The convictions of two Auckland brothers involved in an elaborate Rugby World Cup ticket scam remain in place after the Supreme Court refused to hear their case.
Demissie Tefera Asgedom and Nebiyou Tefera Demissie were arrested on the day of the opening ceremony at Eden Park on September 9, 2011 for a scalping operation.
The Ethiopian brothers were sentenced to one year of home detention each at the Auckland District Court last year after being found guilty on 30 charges relating to a scalping operation in the lead-up to the 2011 final.
Judge David Harvey, during the pair's sentencing, said there was no doubt the brothers were "middle men" drawn into a larger international operation.
"You clearly didn't devise the scheme but the scheme certainly wouldn't have been able to work had it not been for you," he said.
He said because of the lack of tickets sold there was no monetary loss for unsuspecting buyers, no financial gain for the brothers and no breach of trust, which made sentencing difficult.
Demissie and Asgedom had given the names of members in their soccer teams to the overseas operation so the tickets could be ordered.
The men were also sentenced to 200 hours of community work.
The Court of Appeal, in July, dismissed both a challenge to their convictions and Demissie's contest of the sentence he received.
The pair then both sought leave to take the case to the Supreme Court, which today refused to take their appeals.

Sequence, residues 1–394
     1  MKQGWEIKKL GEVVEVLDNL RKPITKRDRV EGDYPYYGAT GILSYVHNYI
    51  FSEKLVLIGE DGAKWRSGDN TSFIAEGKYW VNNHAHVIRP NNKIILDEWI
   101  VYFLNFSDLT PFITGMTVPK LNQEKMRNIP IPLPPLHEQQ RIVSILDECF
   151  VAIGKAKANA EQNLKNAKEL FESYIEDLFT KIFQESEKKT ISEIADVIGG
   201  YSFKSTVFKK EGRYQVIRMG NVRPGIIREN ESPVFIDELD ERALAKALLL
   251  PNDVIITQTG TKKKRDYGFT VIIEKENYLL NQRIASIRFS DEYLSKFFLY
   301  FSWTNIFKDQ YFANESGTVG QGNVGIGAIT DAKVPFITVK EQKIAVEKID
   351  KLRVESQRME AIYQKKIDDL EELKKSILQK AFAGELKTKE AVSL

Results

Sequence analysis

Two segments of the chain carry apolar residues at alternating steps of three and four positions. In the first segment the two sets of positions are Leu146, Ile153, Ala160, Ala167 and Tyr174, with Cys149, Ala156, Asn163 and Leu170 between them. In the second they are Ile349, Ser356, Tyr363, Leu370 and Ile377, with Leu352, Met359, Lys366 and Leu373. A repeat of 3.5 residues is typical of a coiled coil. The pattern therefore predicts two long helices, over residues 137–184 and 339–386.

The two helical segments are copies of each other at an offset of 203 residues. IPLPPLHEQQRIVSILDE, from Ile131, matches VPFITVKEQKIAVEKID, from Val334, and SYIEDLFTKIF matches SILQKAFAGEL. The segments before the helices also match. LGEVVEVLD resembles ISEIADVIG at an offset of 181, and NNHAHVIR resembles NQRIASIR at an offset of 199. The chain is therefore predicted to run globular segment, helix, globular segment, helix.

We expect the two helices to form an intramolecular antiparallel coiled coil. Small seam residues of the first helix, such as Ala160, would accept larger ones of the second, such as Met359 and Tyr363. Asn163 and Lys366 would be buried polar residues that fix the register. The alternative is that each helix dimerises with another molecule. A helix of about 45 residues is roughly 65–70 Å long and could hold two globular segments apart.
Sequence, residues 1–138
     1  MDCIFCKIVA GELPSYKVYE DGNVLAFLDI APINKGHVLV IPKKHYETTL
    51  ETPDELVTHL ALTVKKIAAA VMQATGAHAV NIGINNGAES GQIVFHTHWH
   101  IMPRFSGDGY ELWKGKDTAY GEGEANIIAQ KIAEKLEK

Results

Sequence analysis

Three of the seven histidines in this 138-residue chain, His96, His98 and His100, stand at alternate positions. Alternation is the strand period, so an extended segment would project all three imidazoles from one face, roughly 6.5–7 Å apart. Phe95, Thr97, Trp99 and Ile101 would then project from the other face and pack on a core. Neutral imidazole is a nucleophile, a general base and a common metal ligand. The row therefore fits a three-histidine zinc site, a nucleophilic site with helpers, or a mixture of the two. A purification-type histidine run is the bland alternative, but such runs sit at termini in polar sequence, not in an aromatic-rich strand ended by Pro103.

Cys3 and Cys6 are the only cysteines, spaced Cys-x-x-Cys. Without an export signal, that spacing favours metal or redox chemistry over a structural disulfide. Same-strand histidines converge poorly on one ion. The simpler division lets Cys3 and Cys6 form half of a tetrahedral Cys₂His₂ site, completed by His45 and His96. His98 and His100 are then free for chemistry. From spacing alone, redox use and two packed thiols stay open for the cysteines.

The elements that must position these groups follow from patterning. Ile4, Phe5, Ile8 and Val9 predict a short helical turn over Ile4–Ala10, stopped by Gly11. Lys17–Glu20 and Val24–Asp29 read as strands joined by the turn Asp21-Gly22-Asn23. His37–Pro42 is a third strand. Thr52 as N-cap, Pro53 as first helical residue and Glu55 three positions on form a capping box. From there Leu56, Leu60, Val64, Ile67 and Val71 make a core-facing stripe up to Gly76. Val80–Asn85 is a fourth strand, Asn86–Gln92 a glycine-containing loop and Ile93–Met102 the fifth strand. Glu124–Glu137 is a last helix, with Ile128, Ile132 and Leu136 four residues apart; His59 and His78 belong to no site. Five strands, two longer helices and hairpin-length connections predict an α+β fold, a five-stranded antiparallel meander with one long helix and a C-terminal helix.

The brothers attempted to raise issues about the indictment in their case, including that it was amended part way through their trial.
However, Justices Susan Glazebrook, Terence Arnold and Ellen France did not believe the pair were prejudiced by this.
The judges also did not believe the issues raised in the proposed appeal were of "general or public importance".
"Nor do we see any risk of a substantial miscarriage of justice in the particular circumstances of the case," they said.
On Demissie's sentence challenge, the judges said that the Supreme Court "rarely entertains" appeals of that kind.
"In any event, we agree with the Court of Appeal's conclusion that there is no basis on which the sentence could be described as manifestly excessive - if anything, it was lenient.
"In the result, we do not consider that it is necessary in the interests of justice that we hear and determine these appeals. They raise no point of general or public importance, nor is there any appearance of a substantial miscarriage of justice," Justices Glazebrook, Arnold and France said.